Beyond Julia Roberts’ unrelenting charm and repeatable lines like “Big mistake. Big. Huge” and “Cinder-fuckin-rella,” 1990’s Pretty Woman is perhaps most remembered for its outfits, costume-designed by Marilyn Vance. The blonde wig, cutout minidress, “so-’90s-it-hurts milk chocolate belted dress covered in white polka dots” and off-the-shoulder red gown with a sweetheart neckline are chief among them. Much like the glass slippers in the servant-to-served fairy tale it emulates, the outfits in this “hooker”-to-haute-couture story do not subtly hint at a character’s elevated status. No, they beat you over the head with each changing chapter.
This protagonist—a sex worker named Vivian—meets a grotesquely wealthy businessman who dismantles and sells pieces of foundering companies, and is offered a lump sum, and ultimately a whole new wardrobe, to spend the week with him. Their transactional relationship becomes emotional (for him, that seems largely to develop based on how she pulls off expensive looks) and turns into love. Her clothes across this week shape a narrative, ambivalent as to whether it’s a regressive male fantasy or example of early third wave feminism…luxury porn or mild critique of class divides. These confusions are at least partially the result of the film itself being a candy-coated rebrand of a much darker script with a wholly different ending. Pretty Woman: The Musical (starring Samantha Barks as Vivian and Andy Karl as Richard Gere’s Edward) takes a film—which, even with all of those complications, can still be enjoyed as a fascinating time capsule bearing moments of surprising nuance—and barely adapts it. Rather, it flattens it, replacing any of its emotional complexity, (vanilla) grit, and amusing datedness with saccharine music—until all that remains is a conservative story of class symbols told in an escalating catwalk of expensive dresses and jewels.
The musical’s costumes (designed by Gregg Barnes) reference and mildly update the original outfits to be more palatable to contemporary sensibilities (fewer shoulder pads, less busy lace, no Bahama short suit). But in lightly muting their ‘90s specificity, the story’s reflections of an actual moment in American time falsely read like they’re meant to be timeless.
Pretty Woman: The Musical almost totally maintains the famous original outfit Vivian wears: the cutout blue and white mini-dress (with a slightly altered cut for the top), patent leather thigh-high stiletto boots, banged blond bob wig and red blazer. Just like in the movie, the big reveal here is that the morning following her and Edward’s first night of transactional flirtation, strawberries and oral, Edward wakes up to an unexpected sight. Somehow he hadn’t realized that wig-like blonde hairdo was in fact a wig, and what he now sees are her wholesome, unsheathed brown locks: the “pretty woman” that’s been hiding beneath the “hooker.” And so, before she leaves, he asks her to stay the week with him. Though of course she’ll need some dresses first.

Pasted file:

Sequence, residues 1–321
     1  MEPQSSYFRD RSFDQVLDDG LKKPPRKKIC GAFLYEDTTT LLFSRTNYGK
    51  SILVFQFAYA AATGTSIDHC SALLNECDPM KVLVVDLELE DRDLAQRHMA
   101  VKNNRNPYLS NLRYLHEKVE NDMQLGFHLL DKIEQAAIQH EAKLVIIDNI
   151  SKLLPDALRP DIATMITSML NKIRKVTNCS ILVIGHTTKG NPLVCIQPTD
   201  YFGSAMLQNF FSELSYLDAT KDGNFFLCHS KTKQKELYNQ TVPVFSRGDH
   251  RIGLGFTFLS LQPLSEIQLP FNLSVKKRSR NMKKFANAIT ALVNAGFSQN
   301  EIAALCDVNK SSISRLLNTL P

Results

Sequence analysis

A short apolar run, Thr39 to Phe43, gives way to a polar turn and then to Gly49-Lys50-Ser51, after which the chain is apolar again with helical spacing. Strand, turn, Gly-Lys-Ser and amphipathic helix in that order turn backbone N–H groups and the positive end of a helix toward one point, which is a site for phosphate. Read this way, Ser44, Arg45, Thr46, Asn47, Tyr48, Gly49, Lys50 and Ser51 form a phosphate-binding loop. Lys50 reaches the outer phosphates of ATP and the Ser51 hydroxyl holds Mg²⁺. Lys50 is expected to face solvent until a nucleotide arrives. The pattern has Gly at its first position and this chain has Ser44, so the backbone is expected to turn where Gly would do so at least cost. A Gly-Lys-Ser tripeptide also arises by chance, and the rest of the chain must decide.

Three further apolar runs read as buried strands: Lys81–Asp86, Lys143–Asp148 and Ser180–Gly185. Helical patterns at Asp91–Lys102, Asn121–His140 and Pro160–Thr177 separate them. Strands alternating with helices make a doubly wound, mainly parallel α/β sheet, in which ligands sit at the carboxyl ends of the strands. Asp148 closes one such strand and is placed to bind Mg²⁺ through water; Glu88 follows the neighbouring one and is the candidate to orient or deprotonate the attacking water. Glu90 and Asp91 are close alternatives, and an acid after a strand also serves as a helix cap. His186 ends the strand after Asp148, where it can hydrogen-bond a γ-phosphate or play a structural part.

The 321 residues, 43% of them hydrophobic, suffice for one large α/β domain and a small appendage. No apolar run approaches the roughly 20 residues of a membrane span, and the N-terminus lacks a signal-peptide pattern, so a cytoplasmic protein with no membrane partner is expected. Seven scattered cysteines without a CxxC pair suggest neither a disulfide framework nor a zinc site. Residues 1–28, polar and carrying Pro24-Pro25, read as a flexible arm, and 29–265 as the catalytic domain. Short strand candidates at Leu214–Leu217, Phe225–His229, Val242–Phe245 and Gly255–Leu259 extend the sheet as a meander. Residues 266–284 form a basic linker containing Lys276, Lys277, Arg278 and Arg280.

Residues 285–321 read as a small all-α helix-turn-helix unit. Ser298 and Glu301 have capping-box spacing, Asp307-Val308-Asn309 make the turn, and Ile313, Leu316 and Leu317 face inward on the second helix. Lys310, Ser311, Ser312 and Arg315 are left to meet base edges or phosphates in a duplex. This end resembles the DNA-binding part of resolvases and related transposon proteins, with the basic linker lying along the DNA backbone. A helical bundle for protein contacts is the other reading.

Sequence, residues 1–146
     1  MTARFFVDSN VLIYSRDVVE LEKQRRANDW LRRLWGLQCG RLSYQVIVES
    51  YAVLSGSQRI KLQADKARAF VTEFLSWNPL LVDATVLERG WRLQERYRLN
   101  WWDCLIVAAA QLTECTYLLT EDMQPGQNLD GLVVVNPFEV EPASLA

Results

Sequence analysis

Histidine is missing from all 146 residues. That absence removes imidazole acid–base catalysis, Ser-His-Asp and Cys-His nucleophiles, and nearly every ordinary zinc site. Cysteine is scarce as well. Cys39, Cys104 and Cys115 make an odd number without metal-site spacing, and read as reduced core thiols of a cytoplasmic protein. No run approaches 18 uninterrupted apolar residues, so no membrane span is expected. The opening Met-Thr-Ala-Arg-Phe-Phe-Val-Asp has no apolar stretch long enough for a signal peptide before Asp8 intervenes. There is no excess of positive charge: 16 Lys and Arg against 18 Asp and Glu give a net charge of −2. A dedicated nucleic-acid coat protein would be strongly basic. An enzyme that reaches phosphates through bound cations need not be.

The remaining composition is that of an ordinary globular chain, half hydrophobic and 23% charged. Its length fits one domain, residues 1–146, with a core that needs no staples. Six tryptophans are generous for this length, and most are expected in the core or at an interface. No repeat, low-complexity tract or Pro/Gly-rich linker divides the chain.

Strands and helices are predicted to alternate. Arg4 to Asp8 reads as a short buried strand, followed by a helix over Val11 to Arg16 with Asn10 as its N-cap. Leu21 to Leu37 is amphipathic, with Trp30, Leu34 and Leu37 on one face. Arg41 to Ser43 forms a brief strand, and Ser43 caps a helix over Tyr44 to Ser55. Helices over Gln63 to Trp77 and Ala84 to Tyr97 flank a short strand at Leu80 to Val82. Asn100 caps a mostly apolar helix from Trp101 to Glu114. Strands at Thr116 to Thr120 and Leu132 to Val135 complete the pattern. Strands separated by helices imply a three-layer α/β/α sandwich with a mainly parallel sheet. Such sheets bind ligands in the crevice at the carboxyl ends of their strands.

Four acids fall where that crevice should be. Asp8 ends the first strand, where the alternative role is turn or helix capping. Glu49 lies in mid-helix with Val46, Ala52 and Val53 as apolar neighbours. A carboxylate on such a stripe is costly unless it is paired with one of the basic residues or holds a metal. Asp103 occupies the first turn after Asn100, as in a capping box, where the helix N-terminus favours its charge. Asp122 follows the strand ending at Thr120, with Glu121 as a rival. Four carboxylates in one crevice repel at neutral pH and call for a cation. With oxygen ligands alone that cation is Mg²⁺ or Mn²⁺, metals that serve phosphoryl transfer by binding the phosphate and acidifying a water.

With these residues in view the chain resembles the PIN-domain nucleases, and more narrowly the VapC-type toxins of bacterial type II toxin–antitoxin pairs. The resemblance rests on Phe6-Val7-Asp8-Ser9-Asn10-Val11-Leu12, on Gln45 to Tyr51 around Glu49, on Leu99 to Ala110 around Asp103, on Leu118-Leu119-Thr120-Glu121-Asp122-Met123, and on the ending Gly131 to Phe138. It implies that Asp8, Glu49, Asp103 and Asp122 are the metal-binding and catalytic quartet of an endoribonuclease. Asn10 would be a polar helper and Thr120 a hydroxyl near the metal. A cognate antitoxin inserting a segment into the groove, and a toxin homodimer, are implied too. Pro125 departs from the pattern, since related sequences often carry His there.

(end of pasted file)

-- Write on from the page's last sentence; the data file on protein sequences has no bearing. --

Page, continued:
The first outfit we see Vivian wearing post-transformation is the “black Armani cocktail dress with the lace trim”—recommended to her by a hammy hotel manager-cum-fairy godfather kind enough to treat her like a person. (After a pair of snobby Rodeo Drive retail workers reject her, the hotel manager facilitates a non-traumatic shopping experience to procure the dress.) Framed by the luxury of the Beverly Wilshire lounge, her reveal is a test of sorts that she passes with flying colors. “You’re late,” she tells Edward. “You’re stunning,” he replies. It begs the question: What if she didn’t so immediately transform from the picture of a Hollywood (or Broadway) version of a sex worker into the picture of Hollywood feminine elegance? Would she be out on the street?
Once Edward finds out about how she’d been kicked out of a store, he takes her on yet another shopping trip on Rodeo Drive, where the ensemble performs the famous movie montage of, er, empowering costume changes, while retail workers bleat “Black dress/white dress/stay out all night dress!” Now in white gloves, a sun hat and stiff buttoned dress, she revisits the Rodeo Drive boutique that snubbed her the day prior, mountains of purchases in hand, and delivers the famous lines: “Big mistake. Big. Huge.” She can now rub the commission the classist saleswomen won’t get in their faces by showing how abruptly she’s surpassed them on the social ladder—evidenced by the boutiques she’s been shopping at.